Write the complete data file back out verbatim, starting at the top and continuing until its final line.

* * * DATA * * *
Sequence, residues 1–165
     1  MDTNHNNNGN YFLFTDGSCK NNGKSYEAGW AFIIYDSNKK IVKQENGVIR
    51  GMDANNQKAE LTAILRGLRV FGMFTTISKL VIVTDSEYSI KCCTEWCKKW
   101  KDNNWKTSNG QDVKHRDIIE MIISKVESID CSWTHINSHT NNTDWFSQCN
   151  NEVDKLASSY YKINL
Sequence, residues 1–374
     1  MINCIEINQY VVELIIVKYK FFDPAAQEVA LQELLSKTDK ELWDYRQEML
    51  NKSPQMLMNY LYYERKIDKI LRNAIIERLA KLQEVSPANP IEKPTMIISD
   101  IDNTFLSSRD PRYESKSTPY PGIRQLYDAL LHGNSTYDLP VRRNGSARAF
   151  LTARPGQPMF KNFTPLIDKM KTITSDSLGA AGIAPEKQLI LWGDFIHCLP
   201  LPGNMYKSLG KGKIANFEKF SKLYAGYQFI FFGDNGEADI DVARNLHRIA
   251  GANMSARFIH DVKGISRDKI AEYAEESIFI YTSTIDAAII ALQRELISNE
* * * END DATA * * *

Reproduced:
Sequence, residues 1–165
     1  MDTNHNNNGN YFLFTDGSCK NNGKSYEAGW AFIIYDSNKK IVKQENGVIR
    51  GMDANNQKAE LTAILRGLRV FGMFTTISKL VIVTDSEYSI KCCTEWCKKW
   101  KDNNWKTSNG QDVKHRDIIE MIISKVESID CSWTHINSHT NNTDWFSQCN
   151  NEVDKLASSY YKINL
Sequence, residues 1–374
     1  MINCIEINQY VVELIIVKYK FFDPAAQEVA LQELLSKTDK ELWDYRQEML
    51  NKSPQMLMNY LYYERKIDKI LRNAIIERLA KLQEVSPANP IEKPTMIISD
   101  IDNTFLSSRD PRYESKSTPY PGIRQLYDAL LHGNSTYDLP VRRNGSARAF
   151  LTARPGQPMF KNFTPLIDKM KTITSDSLGA AGIAPEKQLI LWGDFIHCLP
   201  LPGNMYKSLG KGKIANFEKF SKLYAGYQFI FFGDNGEADI DVARNLHRIA
   251  GANMSARFIH DVKGISRDKI AEYAEESIFI YTSTIDAAII ALQRELISNE